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Sartor Resartus, Life and Opinions of Herr Teufelsdrockh, Thomas Carlyle, c1890s


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Sartor Resartus: The Life and Opinions of Herr Teufelsdrockh
by Thomas Carlyle


Publisher: F. M. Lupton Publishing, New York
Copyright: No date printed, c1890s

Condition: This book is in fair condition. Hardcover. Red cloth and paste-up paper boards are worn and scuffed. Gilt titles on spine. Interior hinges cracked. Text block is crisp and clean. No markings.

Sartor Resartus (meaning 'The tailor re-tailored') is an 1836 novel by Thomas Carlyle, first published as a serial in Fraser's Magazine in November 1833-August 1834. The novel purports to be a commentary on the thought and early life of a German philosopher called Diogenes Teufelsdröckh (which translates as 'god-born devil-dung'), author of a tome entitled Clothes: Their Origin and Influence, but is actually a poioumenon. Teufelsdröckh's Transcendentalist musings are mulled over by a skeptical English Reviewer (referred to as Editor) who also provides fragmentary biographical material on the philosopher. The work is, in part, a parody of Hegel, and of German Idealism more generally. However, Teufelsdröckh is also a literary device with which Carlyle can express difficult truths.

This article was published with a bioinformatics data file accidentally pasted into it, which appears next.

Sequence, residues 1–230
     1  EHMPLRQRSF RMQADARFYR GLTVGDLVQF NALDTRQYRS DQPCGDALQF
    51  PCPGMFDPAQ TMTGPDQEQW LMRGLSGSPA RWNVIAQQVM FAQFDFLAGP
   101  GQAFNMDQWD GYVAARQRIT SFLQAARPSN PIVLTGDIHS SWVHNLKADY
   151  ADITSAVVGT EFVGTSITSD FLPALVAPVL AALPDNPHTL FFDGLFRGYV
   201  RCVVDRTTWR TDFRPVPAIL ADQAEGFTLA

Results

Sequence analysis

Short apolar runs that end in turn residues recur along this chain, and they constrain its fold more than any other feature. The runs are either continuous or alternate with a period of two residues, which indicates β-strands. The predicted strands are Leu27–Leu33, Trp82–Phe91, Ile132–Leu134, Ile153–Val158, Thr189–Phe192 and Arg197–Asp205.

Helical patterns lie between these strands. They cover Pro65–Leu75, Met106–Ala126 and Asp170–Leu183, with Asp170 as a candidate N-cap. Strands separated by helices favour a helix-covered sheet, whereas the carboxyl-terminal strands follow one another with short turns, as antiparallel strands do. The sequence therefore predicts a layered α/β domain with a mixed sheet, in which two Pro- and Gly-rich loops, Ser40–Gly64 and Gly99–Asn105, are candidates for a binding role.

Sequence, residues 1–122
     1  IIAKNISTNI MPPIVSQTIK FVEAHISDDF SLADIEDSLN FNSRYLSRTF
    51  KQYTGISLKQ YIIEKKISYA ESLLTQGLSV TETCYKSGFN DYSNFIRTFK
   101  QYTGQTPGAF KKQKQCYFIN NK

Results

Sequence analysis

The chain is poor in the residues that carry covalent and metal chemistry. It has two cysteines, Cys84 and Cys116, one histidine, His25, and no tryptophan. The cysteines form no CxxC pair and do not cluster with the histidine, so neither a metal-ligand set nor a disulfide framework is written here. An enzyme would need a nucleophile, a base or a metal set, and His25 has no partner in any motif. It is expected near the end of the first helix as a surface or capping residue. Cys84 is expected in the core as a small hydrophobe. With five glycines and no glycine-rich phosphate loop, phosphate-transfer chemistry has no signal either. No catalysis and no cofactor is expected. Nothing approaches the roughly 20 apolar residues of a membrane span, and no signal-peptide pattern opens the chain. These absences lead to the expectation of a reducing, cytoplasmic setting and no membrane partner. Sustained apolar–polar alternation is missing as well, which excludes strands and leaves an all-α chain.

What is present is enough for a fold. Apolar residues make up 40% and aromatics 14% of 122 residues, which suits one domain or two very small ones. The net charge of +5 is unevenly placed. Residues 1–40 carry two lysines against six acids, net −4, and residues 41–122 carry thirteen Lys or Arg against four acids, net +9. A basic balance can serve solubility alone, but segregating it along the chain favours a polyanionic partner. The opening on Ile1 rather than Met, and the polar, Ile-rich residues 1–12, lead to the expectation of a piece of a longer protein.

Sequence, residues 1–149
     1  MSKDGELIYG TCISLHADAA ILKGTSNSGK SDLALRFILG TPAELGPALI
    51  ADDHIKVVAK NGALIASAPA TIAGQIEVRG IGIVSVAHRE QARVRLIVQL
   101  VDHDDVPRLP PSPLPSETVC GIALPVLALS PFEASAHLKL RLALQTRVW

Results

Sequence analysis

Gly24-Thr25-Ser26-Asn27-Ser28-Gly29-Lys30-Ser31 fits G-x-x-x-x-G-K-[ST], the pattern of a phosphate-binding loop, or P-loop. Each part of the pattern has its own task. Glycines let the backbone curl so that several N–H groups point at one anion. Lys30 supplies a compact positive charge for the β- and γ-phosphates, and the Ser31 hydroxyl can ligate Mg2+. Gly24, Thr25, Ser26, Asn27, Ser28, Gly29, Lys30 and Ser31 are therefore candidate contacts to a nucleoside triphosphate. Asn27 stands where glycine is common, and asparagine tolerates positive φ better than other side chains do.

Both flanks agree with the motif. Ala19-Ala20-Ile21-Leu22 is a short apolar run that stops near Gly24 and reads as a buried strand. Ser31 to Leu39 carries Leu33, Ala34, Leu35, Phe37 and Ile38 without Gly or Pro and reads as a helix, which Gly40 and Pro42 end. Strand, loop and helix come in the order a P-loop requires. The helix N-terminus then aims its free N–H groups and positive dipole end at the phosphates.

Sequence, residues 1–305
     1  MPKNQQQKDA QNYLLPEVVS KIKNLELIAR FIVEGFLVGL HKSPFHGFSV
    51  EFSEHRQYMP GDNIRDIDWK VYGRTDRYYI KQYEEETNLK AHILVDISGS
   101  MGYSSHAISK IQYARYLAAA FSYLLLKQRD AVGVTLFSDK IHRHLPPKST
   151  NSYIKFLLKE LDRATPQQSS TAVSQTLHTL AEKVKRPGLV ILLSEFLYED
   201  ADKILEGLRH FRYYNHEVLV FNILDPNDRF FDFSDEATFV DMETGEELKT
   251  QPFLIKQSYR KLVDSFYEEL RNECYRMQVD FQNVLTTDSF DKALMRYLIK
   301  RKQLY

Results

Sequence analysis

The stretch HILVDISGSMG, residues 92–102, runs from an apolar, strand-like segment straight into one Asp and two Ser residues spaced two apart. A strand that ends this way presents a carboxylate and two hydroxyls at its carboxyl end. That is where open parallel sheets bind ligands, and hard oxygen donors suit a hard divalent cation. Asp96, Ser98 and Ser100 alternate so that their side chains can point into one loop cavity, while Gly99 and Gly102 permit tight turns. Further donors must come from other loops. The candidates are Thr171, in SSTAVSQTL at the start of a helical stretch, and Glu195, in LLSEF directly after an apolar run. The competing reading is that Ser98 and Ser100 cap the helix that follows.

Sartor Resartus was intended to be a new kind of book: simultaneously factual and fictional, serious and satirical, speculative and historical. It ironically commented on its own formal structure, while forcing the reader to confront the problem of where "truth" is to be found. In this respect, it develops techniques used much earlier in Tristram Shandy, to which it refers. The imaginary "Philosophy of Clothes" holds that meaning is to be derived from phenomena, continually shifting over history, as cultures reconstruct themselves in changing fashions, power-structures, and faith-systems. The book contains a very Fichtean conception of religious conversion: based not on the acceptance of God but on the absolute freedom of the will to reject evil, and to construct meaning. This has led some writers to see Sartor Resartus as an early existentialist text.

According to Rodger L. Tarr, "The influence of Sartor Resartus upon American Literature is so vast, so pervasive, that it is difficult to overstate." Upon learning of Carlyle's death in 1881 Walt Whitman remarked: 'The way to test how much he has left us all were to consider or try to consider, for the moment the array of British thought, the resultant and ensemble of the last fifty years, as existing to-day, but with Carlyle left out. It would be like an army with no artillery.'" Tarr suggests the influence of Sartor Resartus on American writers including Ralph Waldo Emerson, Emily Dickinson, Henry David Thoreau, Herman Melville, Margaret Fuller, Louisa May Alcott, and Mark Twain. Both Nathaniel Hawthorne and Edgar Allan Poe, however, read and objected to the book.

4.25" x 6"
282 pages
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